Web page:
Revenge or Justice – Deconstructing Anger
Inherently, we all desire revenge over justice, although outwardly we will say we want justice. There are thousands of stories of people who embody this worldwide anger – a passion for revenge. It is based upon ‘getting even’ rather than getting over or getting through issues.
People are mad.
People are angry.
There is a sense of pent-up, boiling rage that exists. We see this when people support acts of violence. It starts as early as elementary school. If you ever experienced a school fight (or watched one in a movie) notice how when two people are fighting, seldom do you see others attempt to stop them, they form a circle almost a protection whilst watching them fight.
Anger. An unusual yet certain emotion. It starts as if it is a drop of water. It is an irritation, a frustration, a mild aggravation. Someone cuts you off on the road or sneaks into ‘your’ parking spot. Perhaps you are at a restaurant and in a bit of a hurry, although your server doesn’t share your same time constraint.
More drops of water come out.
Now, it’s the burnt breakfast. A tighter deadline you weren’t expecting. An accident that causes traffic to stop. Bad internet connection. Before long that little drip has filled a huge bucket of rage and a radical expression of emotion… Anger.
If we are being real with ourselves, we should be asking important questions:
- What good was done?
- Is that really the way to solve the problem?
- What are the long-term consequences?
Anger does not answer these questions well. Anger quite often feeds a lust for revenge.
What do we do about it?
Someone once said “…forgive them for they know not what they are doing….”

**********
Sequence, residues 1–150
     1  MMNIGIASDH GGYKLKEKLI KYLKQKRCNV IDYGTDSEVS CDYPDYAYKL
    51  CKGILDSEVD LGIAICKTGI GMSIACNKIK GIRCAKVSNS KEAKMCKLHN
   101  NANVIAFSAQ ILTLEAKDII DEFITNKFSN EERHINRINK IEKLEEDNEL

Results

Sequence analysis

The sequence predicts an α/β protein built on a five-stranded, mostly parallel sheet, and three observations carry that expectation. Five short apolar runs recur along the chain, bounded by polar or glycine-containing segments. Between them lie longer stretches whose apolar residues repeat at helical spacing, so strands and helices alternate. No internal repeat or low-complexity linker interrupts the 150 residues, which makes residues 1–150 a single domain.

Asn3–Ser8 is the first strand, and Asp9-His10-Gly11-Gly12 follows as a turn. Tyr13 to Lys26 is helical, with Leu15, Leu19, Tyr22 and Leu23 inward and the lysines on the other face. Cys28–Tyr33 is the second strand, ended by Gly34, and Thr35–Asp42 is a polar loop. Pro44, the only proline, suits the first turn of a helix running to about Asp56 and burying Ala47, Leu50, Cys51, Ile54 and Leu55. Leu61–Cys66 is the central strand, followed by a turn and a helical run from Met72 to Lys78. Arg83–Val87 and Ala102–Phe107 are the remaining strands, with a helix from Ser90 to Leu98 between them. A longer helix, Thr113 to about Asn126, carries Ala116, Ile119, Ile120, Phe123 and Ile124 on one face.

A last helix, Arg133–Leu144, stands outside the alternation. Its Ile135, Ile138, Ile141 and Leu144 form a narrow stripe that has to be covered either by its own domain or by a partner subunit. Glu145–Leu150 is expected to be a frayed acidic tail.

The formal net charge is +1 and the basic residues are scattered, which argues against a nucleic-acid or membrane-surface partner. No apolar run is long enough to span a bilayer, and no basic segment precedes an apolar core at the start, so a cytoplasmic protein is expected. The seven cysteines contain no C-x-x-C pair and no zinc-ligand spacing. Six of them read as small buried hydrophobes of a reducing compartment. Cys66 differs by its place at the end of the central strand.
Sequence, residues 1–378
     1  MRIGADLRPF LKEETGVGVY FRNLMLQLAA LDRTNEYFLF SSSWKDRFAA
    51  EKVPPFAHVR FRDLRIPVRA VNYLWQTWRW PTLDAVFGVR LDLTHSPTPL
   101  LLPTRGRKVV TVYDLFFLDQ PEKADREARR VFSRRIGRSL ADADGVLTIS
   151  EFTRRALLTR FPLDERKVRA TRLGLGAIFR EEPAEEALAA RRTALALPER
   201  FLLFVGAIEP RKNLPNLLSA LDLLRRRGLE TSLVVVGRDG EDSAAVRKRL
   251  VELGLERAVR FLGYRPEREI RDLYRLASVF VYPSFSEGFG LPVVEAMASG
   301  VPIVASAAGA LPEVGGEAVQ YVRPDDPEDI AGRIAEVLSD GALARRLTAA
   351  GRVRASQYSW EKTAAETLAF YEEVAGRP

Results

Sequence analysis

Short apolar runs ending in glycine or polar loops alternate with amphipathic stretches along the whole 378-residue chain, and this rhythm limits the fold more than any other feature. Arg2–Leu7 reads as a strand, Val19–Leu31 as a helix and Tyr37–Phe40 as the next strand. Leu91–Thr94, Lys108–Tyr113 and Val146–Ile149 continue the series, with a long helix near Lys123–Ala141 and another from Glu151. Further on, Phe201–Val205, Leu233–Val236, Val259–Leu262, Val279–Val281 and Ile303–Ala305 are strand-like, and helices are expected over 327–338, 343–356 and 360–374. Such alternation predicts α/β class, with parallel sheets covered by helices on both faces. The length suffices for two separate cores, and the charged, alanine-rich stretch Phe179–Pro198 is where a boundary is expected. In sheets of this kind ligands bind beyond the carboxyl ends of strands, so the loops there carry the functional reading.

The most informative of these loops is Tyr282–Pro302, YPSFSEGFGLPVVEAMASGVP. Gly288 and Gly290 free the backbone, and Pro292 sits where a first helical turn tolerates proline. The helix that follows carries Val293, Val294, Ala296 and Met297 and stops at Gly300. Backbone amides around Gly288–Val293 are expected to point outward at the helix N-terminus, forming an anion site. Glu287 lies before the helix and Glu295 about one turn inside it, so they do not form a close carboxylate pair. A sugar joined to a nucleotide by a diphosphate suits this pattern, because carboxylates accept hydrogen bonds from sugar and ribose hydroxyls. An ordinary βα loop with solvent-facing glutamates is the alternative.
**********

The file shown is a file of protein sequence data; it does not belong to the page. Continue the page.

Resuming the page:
Now, how do we refrain from retaliating or overreacting?
It becomes necessary to check our mindset. Rather than seeing someone as a villain (which they may be) perchance we could see them as victims…. Stay with me.
This takes a mindset shift doesn’t it? Our first thought is if someone does wrong, they need to be punished. What if, they ‘don’t know what they are doing?’ Of course, they know what they are doing, but maybe they know any different.
Side Note: the emotion of anger is not always bad. In fact, we could argue specific times where anger is ok, however more times than not when anger becomes the primary emotion, it births negative reactions vs positive responses.
The viewpoint: uncontrolled anger will not better our world, however, sympathetic understanding will.
Once we begin to see others (and ourselves) through the lens of sympathetic understanding we move from the posturing or anger to a posture of compassion. We see people are stumbling in darkness because the lights are out, and they can’t see.
Turn the lights on.
Rather than attack, help.
Get out. Go out. Make a difference. Build something.
There is truth in that understanding our world creates a desire to save it.
Anger doesn’t do anyone good, although it takes effect immediately. Understanding may take a while to settle, yet it is much more constructive.